I’ve been watching, reading, and listening as more and more authors announce the amazing fringe benefits of making an exclusive deal with Amazon.
The online retailer is now offering ebook authors the chance to enroll their books in KDP Select. In addition to receiving a share of the lending library proceeds from Amazon, authors are also able to promote those books as free for up to five days.
Many of the authors I know who have combined KDP Select with a carefully thought out marketing plan find it dramatically boosts their sales. Christine Kling’s excellent Caribbean thriller, Circle of Bones, hit #2 on the Kindle Top 100 Free List after she joined KDP. Mark Chisnell has also reported excellent results after making his new thriller, The Fulcrum Files, free for a day.
But I am still teetering on the fulcrum of indecision. Especially since Amazon lost my reviews. Do I really want all my publishing eggs in their basket?
It’s not that exclusivity on Amazon would cost me a lot in sales elsewhere. Amazon seems to be the default online purchasing option for many book buyers, and it’s not hard to understand why. The buying experience is the easiest around (one click ordering from any Kindle, free samples of many books, recommendations that really appeal, reviews from real readers), once you have a credit card on file.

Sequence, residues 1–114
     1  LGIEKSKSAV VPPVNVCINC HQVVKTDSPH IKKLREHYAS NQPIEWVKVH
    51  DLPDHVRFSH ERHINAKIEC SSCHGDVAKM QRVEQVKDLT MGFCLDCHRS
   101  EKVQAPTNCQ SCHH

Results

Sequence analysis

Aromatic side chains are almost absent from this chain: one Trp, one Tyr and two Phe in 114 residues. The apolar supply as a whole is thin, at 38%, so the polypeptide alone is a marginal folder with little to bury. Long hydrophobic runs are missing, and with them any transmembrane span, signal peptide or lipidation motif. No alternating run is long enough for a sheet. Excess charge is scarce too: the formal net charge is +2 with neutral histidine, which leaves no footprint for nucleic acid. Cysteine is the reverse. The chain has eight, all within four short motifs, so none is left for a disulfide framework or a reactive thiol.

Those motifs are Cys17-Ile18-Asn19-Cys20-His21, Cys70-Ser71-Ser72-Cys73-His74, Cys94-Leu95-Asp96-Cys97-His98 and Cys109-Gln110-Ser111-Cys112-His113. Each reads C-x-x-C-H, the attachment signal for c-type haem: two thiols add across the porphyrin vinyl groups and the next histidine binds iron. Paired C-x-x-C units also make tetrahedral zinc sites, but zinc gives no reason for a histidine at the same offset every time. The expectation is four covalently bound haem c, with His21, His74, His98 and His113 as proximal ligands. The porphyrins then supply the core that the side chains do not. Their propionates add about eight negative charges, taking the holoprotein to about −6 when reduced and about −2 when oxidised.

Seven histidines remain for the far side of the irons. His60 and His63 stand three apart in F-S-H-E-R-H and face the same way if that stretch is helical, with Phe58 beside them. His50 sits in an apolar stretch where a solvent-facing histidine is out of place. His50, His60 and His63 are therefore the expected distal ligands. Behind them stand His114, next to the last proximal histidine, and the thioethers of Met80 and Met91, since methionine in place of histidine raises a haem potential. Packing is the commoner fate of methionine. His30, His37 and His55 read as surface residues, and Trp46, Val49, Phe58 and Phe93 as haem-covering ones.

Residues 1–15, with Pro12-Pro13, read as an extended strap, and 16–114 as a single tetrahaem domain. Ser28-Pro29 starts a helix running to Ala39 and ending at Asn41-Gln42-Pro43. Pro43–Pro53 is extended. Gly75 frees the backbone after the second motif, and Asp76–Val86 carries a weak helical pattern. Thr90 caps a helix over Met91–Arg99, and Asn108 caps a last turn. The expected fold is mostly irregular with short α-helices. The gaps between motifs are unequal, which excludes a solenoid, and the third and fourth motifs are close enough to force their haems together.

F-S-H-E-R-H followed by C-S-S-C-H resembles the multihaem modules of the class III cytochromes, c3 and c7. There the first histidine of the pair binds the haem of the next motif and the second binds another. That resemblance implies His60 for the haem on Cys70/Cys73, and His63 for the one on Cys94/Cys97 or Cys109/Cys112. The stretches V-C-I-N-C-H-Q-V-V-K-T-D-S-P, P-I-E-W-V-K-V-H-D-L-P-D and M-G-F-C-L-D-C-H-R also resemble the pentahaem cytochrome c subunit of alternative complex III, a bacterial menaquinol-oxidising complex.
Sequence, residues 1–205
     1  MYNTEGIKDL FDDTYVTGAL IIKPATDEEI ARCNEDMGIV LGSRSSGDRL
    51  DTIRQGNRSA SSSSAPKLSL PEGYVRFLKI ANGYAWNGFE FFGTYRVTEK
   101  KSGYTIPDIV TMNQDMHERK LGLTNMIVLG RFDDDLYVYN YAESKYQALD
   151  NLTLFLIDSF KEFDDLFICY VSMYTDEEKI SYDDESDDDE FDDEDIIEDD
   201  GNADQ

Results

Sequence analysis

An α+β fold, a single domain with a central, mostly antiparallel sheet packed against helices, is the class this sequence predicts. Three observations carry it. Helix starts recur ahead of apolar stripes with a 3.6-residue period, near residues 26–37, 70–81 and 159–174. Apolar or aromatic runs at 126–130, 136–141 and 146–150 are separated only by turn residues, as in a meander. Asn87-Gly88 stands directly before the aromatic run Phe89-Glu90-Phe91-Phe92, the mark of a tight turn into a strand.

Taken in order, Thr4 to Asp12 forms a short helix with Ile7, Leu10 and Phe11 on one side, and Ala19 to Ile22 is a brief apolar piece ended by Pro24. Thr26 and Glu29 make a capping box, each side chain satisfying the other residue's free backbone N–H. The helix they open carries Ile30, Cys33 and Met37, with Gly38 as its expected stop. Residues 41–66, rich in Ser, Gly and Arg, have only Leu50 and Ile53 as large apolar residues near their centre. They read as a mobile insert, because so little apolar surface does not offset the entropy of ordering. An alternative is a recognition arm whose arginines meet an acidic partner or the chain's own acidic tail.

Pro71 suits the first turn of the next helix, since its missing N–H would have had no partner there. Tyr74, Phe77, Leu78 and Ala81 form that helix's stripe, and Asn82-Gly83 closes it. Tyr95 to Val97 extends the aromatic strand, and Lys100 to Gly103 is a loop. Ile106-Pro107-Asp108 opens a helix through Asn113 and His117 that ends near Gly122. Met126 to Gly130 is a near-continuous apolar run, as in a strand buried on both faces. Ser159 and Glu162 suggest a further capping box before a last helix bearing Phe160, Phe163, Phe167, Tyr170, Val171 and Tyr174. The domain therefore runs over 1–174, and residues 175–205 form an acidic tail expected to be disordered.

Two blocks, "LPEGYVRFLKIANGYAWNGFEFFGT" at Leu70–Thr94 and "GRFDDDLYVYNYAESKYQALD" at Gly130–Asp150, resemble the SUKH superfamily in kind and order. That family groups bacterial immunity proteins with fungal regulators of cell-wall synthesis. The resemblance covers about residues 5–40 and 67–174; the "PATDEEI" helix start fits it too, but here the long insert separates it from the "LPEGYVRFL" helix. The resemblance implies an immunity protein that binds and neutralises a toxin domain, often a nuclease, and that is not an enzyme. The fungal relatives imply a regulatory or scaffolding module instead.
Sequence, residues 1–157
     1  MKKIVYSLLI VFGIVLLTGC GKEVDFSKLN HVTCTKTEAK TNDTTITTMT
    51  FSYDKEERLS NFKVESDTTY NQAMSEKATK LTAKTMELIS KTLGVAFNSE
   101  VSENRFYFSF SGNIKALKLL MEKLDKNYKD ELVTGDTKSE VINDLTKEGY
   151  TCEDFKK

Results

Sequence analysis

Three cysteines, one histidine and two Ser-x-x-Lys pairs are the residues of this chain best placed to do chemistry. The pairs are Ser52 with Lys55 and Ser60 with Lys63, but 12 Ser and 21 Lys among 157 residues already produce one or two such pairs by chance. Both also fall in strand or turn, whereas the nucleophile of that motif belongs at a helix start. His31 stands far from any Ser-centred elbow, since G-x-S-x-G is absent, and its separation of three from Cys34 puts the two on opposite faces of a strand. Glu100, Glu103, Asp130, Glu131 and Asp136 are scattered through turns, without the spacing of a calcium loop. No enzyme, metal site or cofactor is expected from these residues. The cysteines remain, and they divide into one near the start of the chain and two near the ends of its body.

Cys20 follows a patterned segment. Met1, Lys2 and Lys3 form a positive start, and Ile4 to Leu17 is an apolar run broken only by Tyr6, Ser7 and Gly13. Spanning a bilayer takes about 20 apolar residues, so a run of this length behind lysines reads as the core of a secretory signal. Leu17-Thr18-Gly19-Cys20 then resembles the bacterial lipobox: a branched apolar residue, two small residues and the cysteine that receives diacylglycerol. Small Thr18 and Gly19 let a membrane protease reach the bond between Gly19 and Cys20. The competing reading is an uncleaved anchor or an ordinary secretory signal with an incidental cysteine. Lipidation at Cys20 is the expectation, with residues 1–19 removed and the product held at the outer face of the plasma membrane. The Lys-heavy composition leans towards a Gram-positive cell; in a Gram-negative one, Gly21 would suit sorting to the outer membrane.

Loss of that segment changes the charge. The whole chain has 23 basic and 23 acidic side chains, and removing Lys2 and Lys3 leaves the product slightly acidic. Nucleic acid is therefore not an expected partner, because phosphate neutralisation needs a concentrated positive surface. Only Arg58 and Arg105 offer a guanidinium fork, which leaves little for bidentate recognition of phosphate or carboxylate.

And yet, KDP Select still leaves a chalky taste in my mouth. I keep thinking there must be a catch, distrusting anyone who offers (for free) to help me sell my books.
Beyond that, I really don’t like the idea of one company controlling more and more of the literary marketplace.
It’s really a new take on an age-old dilemma: how much do I let my sense of how the world should be affect my actions, even though it might be decreasing my sales? Realistically, it’s hard to think that one author choosing not to list with KDP will really help to save even one independent bookstore.
Meanwhile, the blogosphere war rages on between traditional publishers (whose market share is declining) and new authors who say KDP Select is the best thing since Word Perfect. And I watch, read, and listen, trying to decide whether to ignore that chalky taste and climb into the Amazon sandbox with both feet.
Stay tuned for the answer.